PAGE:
Friday, April 30, 2010


Recently I tried some NatureCrops Nutrition Bars
containing quinoa. (It's pronounced “keenwa.”) Delicious! I especially liked the way the quinoa seeds popped when I chewed them. I couldn't wait to try cooking quinoa.

We bought a cup of quinoa seeds in the bulk foods department at Central Market in Plano, Texas. This evening I cooked it for supper. Yum!

DIRECTIONS ON THE BAG: Add 1 cup quinoa to 2 cups water or broth. Bring to a boil, cover, and simmer 15-20 minutes. Yields 3 ½ cups. Serve as a side dish. Add sauteed onions and vegetables.

I don't like to run to the store. Usually there is something on hand that can make a tasty meal. While the quinoa seeds simmered in broth, I found enough vegetables to fill a huge skillet: frozen English peas, broccoli, green bell peppers, corn ; fresh onions, garlic, carrots. I stir fried the vegetables in a small amount of olive oil. After combining the vegetables and the quinoa, I added a generous amount (six tablespoons) powdered green chili dissolved in water, a big shake of black pepper, and a small amount of cumin. Then I stirred that together.

Topped with sour cream and a small amount of grated cheddar in bowls, it was a winner.

Quinoa was cultivated in the Andean region of South America by the Incas. It's been an important food for thousands of years. The greens can be eaten as a nutritious food.

Three and one half ounces of uncooked quinoa seeds contains 368 calories with 7 grams fiber. It's rich in vitamins, especially thiamine, riboflavin, B6, and folate.

The seeds can be toasted and served in salads or with toasted nuts. It is a good source of essential amino acids; therefore vegetarians find it a healthy choice.

Wednesday, April 21, 2010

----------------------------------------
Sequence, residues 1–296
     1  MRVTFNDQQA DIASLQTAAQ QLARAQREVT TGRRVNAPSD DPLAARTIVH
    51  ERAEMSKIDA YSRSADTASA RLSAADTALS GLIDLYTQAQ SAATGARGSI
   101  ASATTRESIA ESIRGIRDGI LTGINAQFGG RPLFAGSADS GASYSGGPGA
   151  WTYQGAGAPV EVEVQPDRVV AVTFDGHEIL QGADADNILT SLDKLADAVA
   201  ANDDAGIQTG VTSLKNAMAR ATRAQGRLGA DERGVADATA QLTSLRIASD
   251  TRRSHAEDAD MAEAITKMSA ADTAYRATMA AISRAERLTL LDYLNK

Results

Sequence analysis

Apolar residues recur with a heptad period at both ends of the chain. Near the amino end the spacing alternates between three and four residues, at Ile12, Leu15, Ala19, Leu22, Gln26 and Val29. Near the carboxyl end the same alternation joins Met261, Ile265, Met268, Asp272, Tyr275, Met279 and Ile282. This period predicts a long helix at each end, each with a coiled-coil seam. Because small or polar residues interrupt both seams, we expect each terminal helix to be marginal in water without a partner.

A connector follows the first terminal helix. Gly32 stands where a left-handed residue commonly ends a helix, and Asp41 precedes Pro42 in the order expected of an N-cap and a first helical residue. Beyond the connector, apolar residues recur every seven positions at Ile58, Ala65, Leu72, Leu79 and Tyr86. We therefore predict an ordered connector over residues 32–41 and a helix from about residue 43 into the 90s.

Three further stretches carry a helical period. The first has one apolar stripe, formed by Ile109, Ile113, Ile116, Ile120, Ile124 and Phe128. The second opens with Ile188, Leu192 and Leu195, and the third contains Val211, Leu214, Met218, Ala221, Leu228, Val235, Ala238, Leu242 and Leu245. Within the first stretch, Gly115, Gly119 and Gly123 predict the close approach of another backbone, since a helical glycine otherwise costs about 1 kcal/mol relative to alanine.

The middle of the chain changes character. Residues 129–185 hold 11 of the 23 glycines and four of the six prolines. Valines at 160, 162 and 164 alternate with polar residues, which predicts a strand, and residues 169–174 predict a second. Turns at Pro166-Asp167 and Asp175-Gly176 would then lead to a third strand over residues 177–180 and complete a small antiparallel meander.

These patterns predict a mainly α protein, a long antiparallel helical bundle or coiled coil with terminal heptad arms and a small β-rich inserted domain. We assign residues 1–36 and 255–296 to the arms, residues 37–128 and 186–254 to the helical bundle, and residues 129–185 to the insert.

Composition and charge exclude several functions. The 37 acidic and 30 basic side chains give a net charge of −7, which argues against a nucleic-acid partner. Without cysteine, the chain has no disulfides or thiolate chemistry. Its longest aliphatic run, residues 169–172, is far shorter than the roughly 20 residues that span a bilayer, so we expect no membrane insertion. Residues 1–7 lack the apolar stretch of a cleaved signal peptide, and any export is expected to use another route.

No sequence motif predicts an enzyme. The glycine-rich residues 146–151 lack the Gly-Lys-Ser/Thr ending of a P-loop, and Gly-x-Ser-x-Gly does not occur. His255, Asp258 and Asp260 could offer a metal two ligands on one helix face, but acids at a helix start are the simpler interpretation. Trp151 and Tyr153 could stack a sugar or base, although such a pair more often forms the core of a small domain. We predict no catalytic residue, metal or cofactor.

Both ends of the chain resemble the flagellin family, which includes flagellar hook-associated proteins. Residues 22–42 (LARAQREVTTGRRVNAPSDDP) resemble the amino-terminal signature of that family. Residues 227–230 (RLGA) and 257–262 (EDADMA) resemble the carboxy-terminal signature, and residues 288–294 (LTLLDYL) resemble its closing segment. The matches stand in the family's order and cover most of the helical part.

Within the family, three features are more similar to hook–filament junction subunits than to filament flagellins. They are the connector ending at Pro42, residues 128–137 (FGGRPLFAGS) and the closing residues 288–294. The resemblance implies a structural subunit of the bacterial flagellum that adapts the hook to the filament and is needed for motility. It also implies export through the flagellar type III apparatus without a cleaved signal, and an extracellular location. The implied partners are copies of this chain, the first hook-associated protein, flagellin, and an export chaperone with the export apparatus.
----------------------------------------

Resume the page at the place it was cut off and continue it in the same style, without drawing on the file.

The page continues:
As people throughout the United States are developing a love for Louisiana food, where do they get their recipes?

After Hurricanes Katrina and Rita, a wave of desire for the Louisiana food experience swept across the country with the Louisianans. People began wanting to eat more Cajun food, to collect more Louisiana recipes, and to read more of the lore of Louisiana.

Using the pen name of Jane Riley, I wrote the story cookbook reader, entitled Flavored with Love: Mary Lou's Family and Friends Can Cook

This book is full of heart-warming stories and yummy recipes about and by my relatives and friends who live mostly in Mississippi, Louisiana, and Texas.

After Katrina and Rita hit the region, people buying and reading Flavored with Love, Second Edition, begged for more south Louisiana food and experiences.

To meet these requests I interviewed cooks with knowledge of authentic Cajun and Creole food in Louisiana towns such as Grammercy and Donaldsonville to add to the book. I persuaded some of the leading Louisiana restaurateurs to share their tastiest recipes in Flavored with Love. I interviewed south Louisiana people and captured their words the way they spoke them.

Flavored with Love, Third Edition, contains New Orleans influenced cuisine, Mississippi comfort food, and spicy Texas dishes. It introduces a new style of intermingled cooking–La Cusine Texianne®.